Scoop politics | 01-09
  • An Open Government Plan developed in secrecy
    The State Services Commission sent NZ’s Open Government Action Plan to the international Open Government Partnership (OGP) Secretariat on 31 July. The countries involved in the OGP since its inception - from the UK and US to Indonesia and Brazil...
    Scoop politics | 01-09
  • KiwiRail; another year older and deeper in debt
    That is a lot of money and there are lessons that need to be learnt before we pour in another $1 billion....
    Scoop politics | 01-09
  • Fonterra China Deal Demands Safe Supply Chain
    The future success of Fonterra’s deal to sell infant formula in China [1] requires all milk it uses be safe and for Fonterra to secure its supply chain from contamination by GE DNA and pesticide residues. There is now significant...
    Scoop politics | 01-09
  • HRC praises Auckland mum for speaking out
    Race Relations Commissioner Dame Susan Devoy has praised an Auckland mother of four who went public after humiliating treatment by staff at The Warehouse....
    Scoop politics | 01-09
  • Southern DHB refers disputed issue to Serious Fraud Office
    Following advice from forensic investigation firm Beattie Varley Limited, Southern District Health Board has referred the expenditure at the centre of its long running dispute with South Link Health to the Serious Fraud Office. The parties have been...
    Scoop politics | 01-09
  • The Letter 1 September 2014
    Last night’s TVNZ Colmar Brunton poll puts the left and right 60 MPs each. United and the Maori Party say they will go with the side that gets to 61 MPs. ACT just needs just 1.3% or 28 thousand Party...
    Scoop politics | 01-09
  • Shopping Giveaway Harmless Fun For Kids
    Family First NZ is rubbishing claims by critics including Gareth Morgan that the New World ‘Little Shop’ promotion is harmful for kids, and says that kids should be allowed to be kids. “Children love acting like their parents and pretending...
    Scoop politics | 01-09
  • Red Cross launches employment service for former refugees
    New Zealand Red Cross is encouraging employers to give refugees a fresh startwith the launch of Pathways to Employment, a nationwide work assistance service....
    Scoop politics | 01-09
  • EDS welcomes Labour’s Conservation Policy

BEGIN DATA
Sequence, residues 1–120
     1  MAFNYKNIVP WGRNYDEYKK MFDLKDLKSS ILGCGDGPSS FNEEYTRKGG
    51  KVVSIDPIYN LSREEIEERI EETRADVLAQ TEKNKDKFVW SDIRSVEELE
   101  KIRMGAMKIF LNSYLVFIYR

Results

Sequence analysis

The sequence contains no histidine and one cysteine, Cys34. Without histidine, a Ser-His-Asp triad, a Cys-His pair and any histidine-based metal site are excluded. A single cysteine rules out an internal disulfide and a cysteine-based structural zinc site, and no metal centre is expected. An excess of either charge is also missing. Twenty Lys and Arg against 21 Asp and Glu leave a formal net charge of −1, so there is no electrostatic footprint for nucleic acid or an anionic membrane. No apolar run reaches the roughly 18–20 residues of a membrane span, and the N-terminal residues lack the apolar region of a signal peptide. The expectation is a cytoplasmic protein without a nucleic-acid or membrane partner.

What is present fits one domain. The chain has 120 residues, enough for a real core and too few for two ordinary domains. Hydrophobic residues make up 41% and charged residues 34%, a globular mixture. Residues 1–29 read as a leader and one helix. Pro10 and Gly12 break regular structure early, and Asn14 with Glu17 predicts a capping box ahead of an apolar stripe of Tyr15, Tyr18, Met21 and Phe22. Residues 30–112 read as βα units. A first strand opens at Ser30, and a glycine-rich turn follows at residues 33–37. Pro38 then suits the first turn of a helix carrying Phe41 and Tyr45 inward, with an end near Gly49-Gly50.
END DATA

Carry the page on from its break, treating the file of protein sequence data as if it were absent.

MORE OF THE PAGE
The Environmental Defence Society has welcomed Labour’s Conservation Policy including the key objective of halting the current pattern of indigenous biodiversity decline within ten years....
    Scoop politics | 01-09
  • Poverty is falling and income inequality is not rising
    “A Roy Morgan poll shows that the issue people are most concerned about is income inequality. This just goes to show how the persistent repetition of a lie bewilders the public. Income inequality is not in fact rising. And the...
    Scoop politics | 01-09
  • Rotary NZ responding to Fiji water and sanitation issues
    Clean water and sanitation are vital to health. In Fiji Rotary New Zealand have been targeting 22 communities that are experiencing severe hardship mainly because they don’t have access to clean water for their drinking, cleaning and cooking needs....
    Scoop politics | 01-09
  • Work & Income shooting a Tragedy
    Kay Brereton speaking on behalf of the National Beneficiary Advocacy Consultancy group says; “Two people shot and another wounded, this is a tragedy and our deepest sympathy goes out to the family and whanau of the victims, as well as...
    Scoop politics | 01-09
  • 1080 Poison Deer Repellent not Effective – Farmers
    Four deer have been found dead within a farmer's bush block, after an aerial 1080 poison drop applied with deer repellent. The drop was part of a 30,000 hectare drop across the Northern Pureora Forest Park....
    Scoop politics | 01-09
  • Employment Charter will strengthen migrants’ rights
    Establishing an Employment Charter for construction companies is a critical step to strengthening the rights of migrant workers that are fast becoming the face of the Christchurch rebuild, according to an alliance of union groups. The charter has...
    Scoop politics | 01-09
  • Global March For Elephants and Rhino
    It’s a trans-national business that funds terrorist organisations, fuels conflict in Africa, and poses environmental, development and security challenges. The illegal wildlife trade is also a lucrative business, generating an estimated USD$20 billion...
    Scoop politics | 01-09
  • New series of videos aimed at disengaged youth
    From the people who brought you 'NZ Idle' (NZ's favourite web series about an artist on the dole) comes a new series about election time: Choice Lolz....
    Scoop politics | 01-09
  • Picket Of Leaders Christchurch Debate
    KEEP OUR ASSETS PICKET OF LEADERS CHRISTCHURCH DEBATE TUESDAY SEPTEMBER 2nd, 6 p.m. ST MARGARETS COLLEGE, SHREWSBURY STREET, MERIVALE...
    Scoop politics | 01-09